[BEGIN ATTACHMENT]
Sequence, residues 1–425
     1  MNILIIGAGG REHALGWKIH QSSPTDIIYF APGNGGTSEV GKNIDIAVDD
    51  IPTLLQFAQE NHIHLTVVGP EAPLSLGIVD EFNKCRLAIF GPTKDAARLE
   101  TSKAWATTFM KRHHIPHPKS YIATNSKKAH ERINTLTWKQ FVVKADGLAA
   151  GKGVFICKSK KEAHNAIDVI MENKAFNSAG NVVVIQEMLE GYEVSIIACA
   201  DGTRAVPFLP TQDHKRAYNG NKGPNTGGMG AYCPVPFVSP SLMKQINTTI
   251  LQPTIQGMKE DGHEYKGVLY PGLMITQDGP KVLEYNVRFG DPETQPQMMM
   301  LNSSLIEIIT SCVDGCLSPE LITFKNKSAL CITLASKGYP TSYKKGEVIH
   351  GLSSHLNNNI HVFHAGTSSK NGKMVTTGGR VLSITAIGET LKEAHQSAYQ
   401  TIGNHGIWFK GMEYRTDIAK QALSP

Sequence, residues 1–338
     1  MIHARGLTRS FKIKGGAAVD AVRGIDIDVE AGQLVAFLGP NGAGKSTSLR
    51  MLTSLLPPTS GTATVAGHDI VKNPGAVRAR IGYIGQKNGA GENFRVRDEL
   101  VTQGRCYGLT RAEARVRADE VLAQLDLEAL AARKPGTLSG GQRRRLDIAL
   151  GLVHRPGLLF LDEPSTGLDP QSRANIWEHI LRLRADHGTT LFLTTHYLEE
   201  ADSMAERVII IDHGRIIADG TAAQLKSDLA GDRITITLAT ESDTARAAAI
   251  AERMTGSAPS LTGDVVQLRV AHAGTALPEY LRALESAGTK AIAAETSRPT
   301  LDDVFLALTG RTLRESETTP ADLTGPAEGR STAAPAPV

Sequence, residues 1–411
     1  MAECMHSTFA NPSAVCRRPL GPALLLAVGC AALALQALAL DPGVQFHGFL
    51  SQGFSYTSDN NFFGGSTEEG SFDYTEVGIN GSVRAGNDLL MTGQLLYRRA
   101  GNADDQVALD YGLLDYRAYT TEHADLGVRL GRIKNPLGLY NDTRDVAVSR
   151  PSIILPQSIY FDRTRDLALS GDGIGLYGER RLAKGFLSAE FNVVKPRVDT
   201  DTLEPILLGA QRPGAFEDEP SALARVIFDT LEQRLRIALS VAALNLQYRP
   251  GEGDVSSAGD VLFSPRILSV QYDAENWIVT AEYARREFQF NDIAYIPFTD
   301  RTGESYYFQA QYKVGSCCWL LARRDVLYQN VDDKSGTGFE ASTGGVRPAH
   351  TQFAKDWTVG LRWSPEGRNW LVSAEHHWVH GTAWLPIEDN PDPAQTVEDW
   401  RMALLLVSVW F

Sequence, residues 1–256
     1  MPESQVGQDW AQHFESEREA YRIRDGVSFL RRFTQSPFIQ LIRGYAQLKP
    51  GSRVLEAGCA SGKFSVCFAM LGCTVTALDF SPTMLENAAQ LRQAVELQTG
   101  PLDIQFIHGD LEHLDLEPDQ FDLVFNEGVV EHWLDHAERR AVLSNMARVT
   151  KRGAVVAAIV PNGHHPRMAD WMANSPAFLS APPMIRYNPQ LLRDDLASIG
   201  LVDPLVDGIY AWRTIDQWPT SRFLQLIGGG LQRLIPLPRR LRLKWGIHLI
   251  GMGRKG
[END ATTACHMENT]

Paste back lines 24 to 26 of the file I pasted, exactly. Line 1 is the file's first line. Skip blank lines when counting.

   201  DTLEPILLGA QRPGAFEDEP SALARVIFDT LEQRLRIALS VAALNLQYRP
   251  GEGDVSSAGD VLFSPRILSV QYDAENWIVT AEYARREFQF NDIAYIPFTD
   301  RTGESYYFQA QYKVGSCCWL LARRDVLYQN VDDKSGTGFE ASTGGVRPAH